Ø Improving review system and safeguard fair, efficient and transparent enforcement
- MOFCOM adjusted the previous mechanisms of negotiations, case-filing and review for handling cases. In accordance with the industries that cases involved, the review office respectively handled the whole process of negotiations, case-filing and review.
- Annual average case-filing time decreased by 13% when compared with 2014, and simple cases were basically concluded in the preliminary review stage (within 30 days).
- MOFCOM continued improving the transparency of law enforcement, and announced notices about prohibitive cases and the conditionally approved cases, as well as the punishment for illegal undeclared cases. At the same time, it explained facts and reasons on which the decisions were made, it also published the basic information quarterly about the unconditionally approved cases.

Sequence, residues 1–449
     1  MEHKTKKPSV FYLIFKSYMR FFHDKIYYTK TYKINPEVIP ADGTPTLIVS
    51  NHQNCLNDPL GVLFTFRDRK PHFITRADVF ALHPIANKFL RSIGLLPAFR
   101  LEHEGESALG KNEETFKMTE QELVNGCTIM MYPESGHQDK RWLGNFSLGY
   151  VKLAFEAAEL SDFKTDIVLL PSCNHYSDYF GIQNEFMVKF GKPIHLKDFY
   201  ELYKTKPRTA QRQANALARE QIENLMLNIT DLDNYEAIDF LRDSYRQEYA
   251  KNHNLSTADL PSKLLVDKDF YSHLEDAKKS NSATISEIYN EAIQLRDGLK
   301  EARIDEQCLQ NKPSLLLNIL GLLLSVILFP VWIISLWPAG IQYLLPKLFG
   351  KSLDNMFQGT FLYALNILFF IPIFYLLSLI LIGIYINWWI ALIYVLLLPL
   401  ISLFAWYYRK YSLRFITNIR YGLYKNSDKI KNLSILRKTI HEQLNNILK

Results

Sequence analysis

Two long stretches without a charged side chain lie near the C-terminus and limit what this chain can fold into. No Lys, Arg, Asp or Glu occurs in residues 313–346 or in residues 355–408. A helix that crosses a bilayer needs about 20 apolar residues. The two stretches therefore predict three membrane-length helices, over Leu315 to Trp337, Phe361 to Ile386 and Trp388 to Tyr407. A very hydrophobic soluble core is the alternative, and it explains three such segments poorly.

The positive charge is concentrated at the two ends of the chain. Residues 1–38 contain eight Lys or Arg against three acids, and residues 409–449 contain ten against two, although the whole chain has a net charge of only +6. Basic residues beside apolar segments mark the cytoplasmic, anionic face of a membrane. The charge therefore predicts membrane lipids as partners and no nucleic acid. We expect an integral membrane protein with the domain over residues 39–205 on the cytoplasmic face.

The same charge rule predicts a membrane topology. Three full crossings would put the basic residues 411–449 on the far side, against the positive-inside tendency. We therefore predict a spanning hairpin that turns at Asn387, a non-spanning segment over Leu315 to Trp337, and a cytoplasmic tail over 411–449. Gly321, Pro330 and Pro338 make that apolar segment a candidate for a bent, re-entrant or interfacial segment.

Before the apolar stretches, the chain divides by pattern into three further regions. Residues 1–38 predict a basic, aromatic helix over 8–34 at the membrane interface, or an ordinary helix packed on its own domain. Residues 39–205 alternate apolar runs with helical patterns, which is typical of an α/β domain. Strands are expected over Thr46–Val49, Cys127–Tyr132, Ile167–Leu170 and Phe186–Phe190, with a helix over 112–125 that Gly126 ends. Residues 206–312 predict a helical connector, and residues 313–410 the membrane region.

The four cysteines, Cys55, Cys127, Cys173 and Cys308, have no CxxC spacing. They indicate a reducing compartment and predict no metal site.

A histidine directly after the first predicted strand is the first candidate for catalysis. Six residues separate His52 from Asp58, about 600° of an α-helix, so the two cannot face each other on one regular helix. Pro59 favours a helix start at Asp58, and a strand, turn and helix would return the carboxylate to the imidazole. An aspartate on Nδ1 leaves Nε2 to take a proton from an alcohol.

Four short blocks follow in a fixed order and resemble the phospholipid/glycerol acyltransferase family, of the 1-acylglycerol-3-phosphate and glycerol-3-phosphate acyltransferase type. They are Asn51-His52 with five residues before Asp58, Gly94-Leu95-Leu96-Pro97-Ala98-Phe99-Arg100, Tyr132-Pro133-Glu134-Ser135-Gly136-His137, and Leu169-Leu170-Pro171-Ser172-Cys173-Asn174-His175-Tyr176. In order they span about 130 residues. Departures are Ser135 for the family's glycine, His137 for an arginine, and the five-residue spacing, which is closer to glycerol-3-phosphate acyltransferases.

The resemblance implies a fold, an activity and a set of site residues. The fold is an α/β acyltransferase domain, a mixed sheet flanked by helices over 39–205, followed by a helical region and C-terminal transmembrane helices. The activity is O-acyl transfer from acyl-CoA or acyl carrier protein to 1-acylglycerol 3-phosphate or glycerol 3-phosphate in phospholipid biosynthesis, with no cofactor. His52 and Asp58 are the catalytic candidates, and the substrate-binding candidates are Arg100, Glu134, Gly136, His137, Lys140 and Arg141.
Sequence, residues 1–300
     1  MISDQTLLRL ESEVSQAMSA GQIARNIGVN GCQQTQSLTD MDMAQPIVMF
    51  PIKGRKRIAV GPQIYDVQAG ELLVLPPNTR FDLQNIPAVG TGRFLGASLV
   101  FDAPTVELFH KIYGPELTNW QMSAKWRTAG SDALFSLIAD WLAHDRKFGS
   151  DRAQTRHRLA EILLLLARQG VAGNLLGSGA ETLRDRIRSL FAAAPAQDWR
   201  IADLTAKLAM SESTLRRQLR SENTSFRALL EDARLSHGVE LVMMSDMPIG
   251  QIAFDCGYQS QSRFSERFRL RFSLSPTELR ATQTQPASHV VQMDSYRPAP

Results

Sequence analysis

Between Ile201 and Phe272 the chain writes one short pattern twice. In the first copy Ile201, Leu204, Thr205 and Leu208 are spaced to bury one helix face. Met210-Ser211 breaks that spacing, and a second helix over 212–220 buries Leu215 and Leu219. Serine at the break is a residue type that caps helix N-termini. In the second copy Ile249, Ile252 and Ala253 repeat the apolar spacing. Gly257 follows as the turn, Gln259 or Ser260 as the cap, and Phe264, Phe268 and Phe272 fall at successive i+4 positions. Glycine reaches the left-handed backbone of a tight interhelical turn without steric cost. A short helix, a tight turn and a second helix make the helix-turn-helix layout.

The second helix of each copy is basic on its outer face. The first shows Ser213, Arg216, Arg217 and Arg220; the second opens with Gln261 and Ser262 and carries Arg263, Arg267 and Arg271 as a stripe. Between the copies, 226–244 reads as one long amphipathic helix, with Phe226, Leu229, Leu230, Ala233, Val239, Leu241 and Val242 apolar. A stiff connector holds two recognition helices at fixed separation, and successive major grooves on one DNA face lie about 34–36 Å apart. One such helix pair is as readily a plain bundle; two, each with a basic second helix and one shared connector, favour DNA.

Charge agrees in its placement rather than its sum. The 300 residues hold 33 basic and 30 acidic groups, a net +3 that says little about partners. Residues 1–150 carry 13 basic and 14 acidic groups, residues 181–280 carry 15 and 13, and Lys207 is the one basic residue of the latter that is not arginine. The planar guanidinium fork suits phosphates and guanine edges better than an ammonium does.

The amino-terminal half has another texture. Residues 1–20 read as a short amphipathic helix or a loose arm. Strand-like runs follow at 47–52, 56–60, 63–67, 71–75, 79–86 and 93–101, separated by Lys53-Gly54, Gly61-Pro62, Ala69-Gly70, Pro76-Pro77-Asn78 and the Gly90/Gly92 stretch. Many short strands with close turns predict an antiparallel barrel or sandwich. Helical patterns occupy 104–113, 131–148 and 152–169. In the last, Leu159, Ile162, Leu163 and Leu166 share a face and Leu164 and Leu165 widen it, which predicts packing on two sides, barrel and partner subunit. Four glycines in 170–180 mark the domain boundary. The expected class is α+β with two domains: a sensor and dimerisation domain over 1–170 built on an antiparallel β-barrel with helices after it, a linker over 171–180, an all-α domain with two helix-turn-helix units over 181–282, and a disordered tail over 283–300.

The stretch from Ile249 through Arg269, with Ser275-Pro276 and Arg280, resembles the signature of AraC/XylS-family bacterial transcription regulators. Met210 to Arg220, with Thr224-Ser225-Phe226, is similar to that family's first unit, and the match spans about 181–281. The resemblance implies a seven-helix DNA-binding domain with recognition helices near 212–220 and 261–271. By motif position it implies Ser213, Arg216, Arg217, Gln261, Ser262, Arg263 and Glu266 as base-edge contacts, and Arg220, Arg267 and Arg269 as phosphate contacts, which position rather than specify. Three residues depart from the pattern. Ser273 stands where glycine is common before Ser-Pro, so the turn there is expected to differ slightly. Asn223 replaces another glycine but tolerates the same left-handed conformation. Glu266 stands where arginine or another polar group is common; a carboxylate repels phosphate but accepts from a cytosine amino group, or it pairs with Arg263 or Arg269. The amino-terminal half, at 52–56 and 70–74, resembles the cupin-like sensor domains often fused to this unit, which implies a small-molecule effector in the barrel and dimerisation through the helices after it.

Ø Expanding foreign exchanges and enhancing international cooperation
- In 2015, MOFCOM continued broadening the cooperation scope by signing Memorandum of Understanding on Antitrust Cooperation with Canada, South Africa and BRICs countries. It also signed Practical Guidance for Cooperation on Reviewing
Disclaimer: This bulletin is provided for informational purposes only and is not legal advice. The transmission and receipt of information contained in the document do not form or constitute an attorney-client relationship.
Merger Cases with the European Commission.
- In addition, MOFCOM actively participated in negotiation about competition issues in free trade agreements such as China-Japan-Korean Agreement and Regional Comprehensive Economic Partnership (RCEP).
Ø Strengthening communication and taking advantages of the Committee Office efficiently